The second free fishing zone is the Bulkhead between 2nd and 4th Streets on the bayside. This is where the city ballfield is located and the city skateboard rink. There’s meter parking here and some free parking along St. Louis Ave. It’s very convenient because you can drive right up to the fishing area and keep your extra tackle right in the trunk of your car or the bed of your truck. It is handicapped accessible as well. The water is deep here so you can fish straight down. There are snags in this area, so bring plenty of tackle and avoid casting out into the hard running current. Use sinkers in the 1 to 3 oz. range and ONLY cast out into the main channel if the tide is slack. That only happens for about 45 minutes every six hours. The rest of the time, fish straight down and do not move your rig a lot. You can fish for almost anything from the bulkhead. There’s flounder for anglers fishing with live minnows, frozen shiners or squid strips.

There’s tautog and triggerfish for anglers fishing with sand fleas, peelers or clam. Spot and croaker are available there for anglers using small hooks and bloodworms, Fishbite bloodworms or night crawlers. Little strips of squid will catch you sea bass and other small fish that the kids can catch and release. There’s strange and ugly fish caught there also! Blowfish, stargazers, oyster toads… And there’s surprise catches of puppy drum, sheepshead, bluefish and even stripers.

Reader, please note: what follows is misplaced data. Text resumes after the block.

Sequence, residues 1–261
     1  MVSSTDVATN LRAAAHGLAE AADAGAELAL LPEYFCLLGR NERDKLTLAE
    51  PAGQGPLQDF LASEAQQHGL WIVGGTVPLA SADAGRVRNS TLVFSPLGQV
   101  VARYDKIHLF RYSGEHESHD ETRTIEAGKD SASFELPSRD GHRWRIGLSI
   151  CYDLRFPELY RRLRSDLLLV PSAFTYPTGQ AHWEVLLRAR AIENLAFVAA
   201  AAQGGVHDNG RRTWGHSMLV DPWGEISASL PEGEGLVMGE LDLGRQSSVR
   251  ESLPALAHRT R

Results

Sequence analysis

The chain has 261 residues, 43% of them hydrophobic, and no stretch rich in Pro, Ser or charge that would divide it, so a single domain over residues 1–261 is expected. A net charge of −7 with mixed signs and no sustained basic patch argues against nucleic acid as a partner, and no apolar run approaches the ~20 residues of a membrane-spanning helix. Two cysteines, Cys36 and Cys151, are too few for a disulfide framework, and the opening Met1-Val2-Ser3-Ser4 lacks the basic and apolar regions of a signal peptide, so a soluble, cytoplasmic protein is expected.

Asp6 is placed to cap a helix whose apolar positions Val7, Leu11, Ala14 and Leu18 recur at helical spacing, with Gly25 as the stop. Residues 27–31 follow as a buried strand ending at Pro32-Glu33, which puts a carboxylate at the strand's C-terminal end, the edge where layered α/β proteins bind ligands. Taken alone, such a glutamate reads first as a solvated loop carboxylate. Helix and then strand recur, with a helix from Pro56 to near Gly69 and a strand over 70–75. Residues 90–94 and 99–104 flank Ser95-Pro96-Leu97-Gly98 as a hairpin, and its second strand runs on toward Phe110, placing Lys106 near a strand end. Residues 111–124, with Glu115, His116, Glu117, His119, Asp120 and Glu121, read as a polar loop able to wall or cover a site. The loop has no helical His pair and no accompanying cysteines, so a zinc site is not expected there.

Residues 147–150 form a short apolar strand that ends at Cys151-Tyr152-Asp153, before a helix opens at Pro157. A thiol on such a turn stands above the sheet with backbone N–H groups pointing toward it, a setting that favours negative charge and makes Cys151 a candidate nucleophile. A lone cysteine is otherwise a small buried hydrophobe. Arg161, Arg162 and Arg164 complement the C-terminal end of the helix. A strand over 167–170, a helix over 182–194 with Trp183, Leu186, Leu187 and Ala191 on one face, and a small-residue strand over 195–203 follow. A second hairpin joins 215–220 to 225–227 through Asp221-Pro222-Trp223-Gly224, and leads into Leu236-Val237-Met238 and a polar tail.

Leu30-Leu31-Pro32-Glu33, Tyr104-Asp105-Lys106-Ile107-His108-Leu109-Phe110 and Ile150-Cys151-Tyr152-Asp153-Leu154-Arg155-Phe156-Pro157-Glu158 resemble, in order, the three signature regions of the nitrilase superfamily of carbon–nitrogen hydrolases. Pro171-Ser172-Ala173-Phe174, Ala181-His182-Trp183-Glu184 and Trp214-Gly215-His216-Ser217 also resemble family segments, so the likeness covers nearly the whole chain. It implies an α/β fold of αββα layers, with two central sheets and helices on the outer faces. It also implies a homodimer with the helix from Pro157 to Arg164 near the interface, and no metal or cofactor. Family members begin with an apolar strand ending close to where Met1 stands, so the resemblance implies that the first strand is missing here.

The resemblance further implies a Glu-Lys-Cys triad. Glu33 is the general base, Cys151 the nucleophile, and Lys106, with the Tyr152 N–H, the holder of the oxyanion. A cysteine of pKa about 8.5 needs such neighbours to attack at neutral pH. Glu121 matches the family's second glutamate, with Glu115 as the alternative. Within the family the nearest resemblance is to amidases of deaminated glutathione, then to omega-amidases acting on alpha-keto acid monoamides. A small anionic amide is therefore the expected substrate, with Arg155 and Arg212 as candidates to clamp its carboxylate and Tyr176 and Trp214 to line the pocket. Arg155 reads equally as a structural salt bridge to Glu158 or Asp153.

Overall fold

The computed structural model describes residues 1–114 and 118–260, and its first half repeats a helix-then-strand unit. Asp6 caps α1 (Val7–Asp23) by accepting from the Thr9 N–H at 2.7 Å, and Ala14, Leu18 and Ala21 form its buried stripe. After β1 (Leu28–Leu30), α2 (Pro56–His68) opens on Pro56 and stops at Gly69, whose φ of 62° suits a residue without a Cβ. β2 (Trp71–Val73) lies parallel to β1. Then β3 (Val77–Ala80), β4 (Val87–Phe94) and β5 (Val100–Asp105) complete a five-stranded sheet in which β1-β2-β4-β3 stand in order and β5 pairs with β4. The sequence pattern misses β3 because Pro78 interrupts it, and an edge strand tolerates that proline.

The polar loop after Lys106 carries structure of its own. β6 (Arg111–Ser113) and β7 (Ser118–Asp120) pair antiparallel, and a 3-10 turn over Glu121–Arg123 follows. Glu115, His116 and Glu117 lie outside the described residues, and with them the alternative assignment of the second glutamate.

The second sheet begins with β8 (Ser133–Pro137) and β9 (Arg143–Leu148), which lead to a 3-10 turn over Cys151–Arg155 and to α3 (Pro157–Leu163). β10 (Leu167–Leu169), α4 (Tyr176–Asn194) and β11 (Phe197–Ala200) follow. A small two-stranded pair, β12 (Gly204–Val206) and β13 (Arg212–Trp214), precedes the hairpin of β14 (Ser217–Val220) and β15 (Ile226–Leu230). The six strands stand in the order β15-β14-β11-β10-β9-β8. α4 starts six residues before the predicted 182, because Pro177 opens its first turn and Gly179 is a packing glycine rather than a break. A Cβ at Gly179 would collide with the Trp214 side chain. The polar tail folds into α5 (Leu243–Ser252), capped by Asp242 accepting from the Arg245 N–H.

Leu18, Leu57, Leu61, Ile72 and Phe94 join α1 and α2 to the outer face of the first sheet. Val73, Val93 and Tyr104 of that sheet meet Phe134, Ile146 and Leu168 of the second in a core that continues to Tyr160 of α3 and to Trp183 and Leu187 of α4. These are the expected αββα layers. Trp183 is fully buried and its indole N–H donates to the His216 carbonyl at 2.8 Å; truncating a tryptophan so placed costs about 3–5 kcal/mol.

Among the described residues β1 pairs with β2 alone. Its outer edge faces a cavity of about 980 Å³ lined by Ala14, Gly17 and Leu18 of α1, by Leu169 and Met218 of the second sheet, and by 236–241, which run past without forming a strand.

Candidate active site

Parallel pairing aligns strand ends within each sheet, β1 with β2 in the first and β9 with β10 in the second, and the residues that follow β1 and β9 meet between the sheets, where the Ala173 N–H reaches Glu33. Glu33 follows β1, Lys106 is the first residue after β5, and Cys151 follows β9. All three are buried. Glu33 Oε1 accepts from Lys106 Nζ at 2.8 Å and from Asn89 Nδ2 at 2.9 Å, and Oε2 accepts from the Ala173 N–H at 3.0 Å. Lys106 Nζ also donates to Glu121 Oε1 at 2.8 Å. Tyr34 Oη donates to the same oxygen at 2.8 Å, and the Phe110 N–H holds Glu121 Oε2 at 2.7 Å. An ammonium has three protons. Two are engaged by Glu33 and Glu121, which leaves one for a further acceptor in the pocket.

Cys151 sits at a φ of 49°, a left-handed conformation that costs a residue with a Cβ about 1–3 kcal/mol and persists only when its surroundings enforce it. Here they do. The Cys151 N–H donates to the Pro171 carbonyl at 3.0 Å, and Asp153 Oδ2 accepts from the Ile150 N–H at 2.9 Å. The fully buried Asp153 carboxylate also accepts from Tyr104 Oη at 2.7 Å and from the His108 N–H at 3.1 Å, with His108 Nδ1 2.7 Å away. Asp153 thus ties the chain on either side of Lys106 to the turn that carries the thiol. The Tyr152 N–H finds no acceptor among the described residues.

When you fish these two areas, anyone 16 or over is supposed to obtain a free Maryland Registry. Simply call 1-855-855-3906. They will give you a number and you just write it down. You can also do this online at https://compass.dnr.maryland.gov/dnrcompassportal

If you fish one of the two pay piers in Ocean City, you do not need to get a free registry because the pier will take down your name and phone number for you. You have to pay to get on the pier, but you do not need to buy a fishing license. If you are out of state, it costs less to buy a fishing pass than it costs to buy a weekly license ($12).

The Oceanic Pier is located at the southernmost end of Philadelphia Ave. Look for the Oceanic Motel and the big sign that says Oceanic Pier. The pier juts out into the bay near the Ocean City Inlet. Anglers here do best during the incoming tide. Most serious anglers target flounder here. Anglers fish for them with live minnows or frozen shiners. You can catch plenty of little fish all day with small hooks and bloodworms or artificial bloodworms. At night the fare is blues, shad and trout with spec rigs and Got-cha Plugs.

The Ocean Pier runs parallel to the Ocean City Inlet. You can catch anything from the Ocean Pier that you catch from the surf. Use kingfish rigs with bloodworms or Fishbite bloodworms for kingfish, spot and croaker. Use squid strips for croaker, sharks and big rays. You can also pick up some flounder using shiners and squid strips. Sometimes anglers catch pompano near the pilings with sabiki rigs baited with worms.

If you don’t want to buy a fishing license, there’s no excuse not to go fishing in Ocean City, Maryland! There’s plenty of opportunity!

Good fishing….

Sue Foster is an outdoor writer and co-owner of Oyster Bay Tackle in Ocean City, MD and Fenwick Tackle in Fenwick, DE.

Last Updated on Tuesday, 22 April 2014 19:52